The debate around SBTs (Science Based Targets) and net zero targets (NZT) has come to the forefront, but both initiatives are not mutually exclusive, but complementary. The former are stricter and shorter in period (5-15 years), whilst NZT’s are set on 15+-year basis. SBTs came via a partnership of organisations including the UN Global Compact, Carbon Disclosure Project and World Resources Institute, which developed a methodology providing companies with a clearly defined framework to reduce emissions in line with the Paris Agreement; more than 2000 companies have already signed up. The net zero targets conversely are focused on firstly reducing the carbon emissions of a business and for unavoidable emissions, using offsets in order to reach net zero. Whilst net zero garners much of the political headlines, SBTs will play a greater role in lowering total emissions and this is where businesses can play a pivotal role in climate change. In the Responsible & Sustainable UK Equity Fund, over 60% of the companies in the portfolio have committed to a range of measurable and reportable targets.

Aligning Portfolios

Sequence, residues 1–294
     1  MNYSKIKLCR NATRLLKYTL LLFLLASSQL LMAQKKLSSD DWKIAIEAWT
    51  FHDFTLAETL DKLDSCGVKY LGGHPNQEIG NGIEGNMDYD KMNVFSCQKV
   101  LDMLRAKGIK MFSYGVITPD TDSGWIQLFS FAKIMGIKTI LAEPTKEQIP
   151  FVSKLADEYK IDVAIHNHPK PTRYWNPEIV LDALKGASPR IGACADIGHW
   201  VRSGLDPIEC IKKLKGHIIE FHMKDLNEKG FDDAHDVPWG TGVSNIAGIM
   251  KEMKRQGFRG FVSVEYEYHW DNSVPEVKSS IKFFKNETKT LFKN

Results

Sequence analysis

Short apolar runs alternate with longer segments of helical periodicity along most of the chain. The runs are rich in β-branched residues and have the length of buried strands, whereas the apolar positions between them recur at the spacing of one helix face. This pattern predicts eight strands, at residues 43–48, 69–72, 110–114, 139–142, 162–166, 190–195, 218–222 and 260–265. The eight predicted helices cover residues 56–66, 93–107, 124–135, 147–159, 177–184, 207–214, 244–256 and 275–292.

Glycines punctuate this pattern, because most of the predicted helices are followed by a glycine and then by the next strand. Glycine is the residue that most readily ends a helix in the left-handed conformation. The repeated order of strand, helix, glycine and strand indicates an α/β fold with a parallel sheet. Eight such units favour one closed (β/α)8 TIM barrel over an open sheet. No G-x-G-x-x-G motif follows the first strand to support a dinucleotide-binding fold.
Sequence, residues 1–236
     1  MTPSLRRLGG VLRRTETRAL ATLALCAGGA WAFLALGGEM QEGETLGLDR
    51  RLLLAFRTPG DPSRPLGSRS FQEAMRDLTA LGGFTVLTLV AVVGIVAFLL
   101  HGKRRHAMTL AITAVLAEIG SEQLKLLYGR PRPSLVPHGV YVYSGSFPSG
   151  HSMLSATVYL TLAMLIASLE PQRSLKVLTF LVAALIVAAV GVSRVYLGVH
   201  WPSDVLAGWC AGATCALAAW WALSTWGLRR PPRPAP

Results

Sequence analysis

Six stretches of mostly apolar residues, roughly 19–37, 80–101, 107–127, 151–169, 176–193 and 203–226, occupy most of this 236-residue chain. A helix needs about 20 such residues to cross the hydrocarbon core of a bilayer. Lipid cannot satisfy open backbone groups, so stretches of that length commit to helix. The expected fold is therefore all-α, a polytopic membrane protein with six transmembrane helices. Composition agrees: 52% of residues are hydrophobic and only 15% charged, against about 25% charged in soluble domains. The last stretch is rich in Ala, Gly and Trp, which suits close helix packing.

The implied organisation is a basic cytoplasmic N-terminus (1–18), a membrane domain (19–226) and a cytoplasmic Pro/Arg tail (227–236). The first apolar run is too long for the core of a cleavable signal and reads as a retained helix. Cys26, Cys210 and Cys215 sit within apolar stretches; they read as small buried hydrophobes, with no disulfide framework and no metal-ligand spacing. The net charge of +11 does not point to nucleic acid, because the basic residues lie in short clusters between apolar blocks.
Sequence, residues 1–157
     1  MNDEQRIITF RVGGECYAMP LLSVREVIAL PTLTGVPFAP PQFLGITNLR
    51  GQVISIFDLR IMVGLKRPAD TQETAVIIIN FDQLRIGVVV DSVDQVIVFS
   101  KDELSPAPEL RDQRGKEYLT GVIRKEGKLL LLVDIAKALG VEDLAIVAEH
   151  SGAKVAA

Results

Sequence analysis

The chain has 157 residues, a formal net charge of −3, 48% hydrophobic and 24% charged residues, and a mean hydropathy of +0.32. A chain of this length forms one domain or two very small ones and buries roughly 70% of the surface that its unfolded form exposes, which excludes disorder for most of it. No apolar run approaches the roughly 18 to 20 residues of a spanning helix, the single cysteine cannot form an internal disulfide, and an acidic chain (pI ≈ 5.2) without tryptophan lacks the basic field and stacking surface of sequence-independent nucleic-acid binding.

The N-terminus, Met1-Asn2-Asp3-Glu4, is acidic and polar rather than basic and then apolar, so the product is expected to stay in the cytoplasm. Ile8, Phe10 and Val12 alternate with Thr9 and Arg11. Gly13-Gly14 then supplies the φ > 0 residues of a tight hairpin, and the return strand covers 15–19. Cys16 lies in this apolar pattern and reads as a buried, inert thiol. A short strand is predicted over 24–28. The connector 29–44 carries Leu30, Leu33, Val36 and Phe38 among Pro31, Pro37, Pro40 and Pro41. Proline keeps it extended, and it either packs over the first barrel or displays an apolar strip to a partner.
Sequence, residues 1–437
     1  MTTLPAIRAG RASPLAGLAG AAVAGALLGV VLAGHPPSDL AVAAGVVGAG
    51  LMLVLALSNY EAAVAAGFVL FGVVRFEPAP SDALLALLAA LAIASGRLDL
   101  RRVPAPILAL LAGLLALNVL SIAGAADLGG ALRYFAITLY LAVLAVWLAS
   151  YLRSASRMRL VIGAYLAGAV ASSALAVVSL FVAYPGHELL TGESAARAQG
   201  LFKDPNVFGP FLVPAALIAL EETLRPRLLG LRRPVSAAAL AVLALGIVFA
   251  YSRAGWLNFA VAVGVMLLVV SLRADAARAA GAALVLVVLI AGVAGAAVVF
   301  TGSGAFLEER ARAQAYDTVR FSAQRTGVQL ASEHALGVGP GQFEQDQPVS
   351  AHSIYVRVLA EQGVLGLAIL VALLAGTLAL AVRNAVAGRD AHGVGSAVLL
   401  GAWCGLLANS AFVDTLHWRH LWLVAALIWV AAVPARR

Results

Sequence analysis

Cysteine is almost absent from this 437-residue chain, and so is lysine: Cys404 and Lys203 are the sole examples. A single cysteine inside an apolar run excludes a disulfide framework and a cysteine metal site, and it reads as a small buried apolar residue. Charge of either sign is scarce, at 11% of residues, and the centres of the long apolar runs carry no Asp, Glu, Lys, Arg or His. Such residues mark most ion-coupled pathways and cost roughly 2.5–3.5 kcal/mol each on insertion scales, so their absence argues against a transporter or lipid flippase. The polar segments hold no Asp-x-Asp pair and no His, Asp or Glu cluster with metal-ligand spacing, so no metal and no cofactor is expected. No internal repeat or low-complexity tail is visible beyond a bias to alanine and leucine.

The recent study by CDP shows the challenge facing the investment management industry in helping to fight the climate emergency2. The analysis of a third of the global fund management industry representing $27 trillion of AUM revealed that only 102 funds out of 16,500 were aligned with the Paris agreement’s target of 1.5 degrees. This number falls further to just 65 funds when considering scope 3 emissions. At EdenTree Investment Management, we have been measuring and publishing the carbon footprints of our funds for 6 years, resulting in a strong track record in lowering carbon emissions across our equity range. For example, the Responsible & Sustainable UK Equity Fund has lowered its emissions by 40% since 2016 and is now 70% lower than its benchmark, the FTSE All-share. Based on current targets the Fund is expected to align with the Sustainable Development Scenario by 2050, representing a potential temperature increase of 1.5C by 2050 compared to 4.5C for the benchmark. What COP 26 illustrated was the need to get all forms of capital aligned to tackling the climate emergency and there will be greater scrutiny on data collection and reporting on targets at COP 27 in Sharm El Sheikh next year.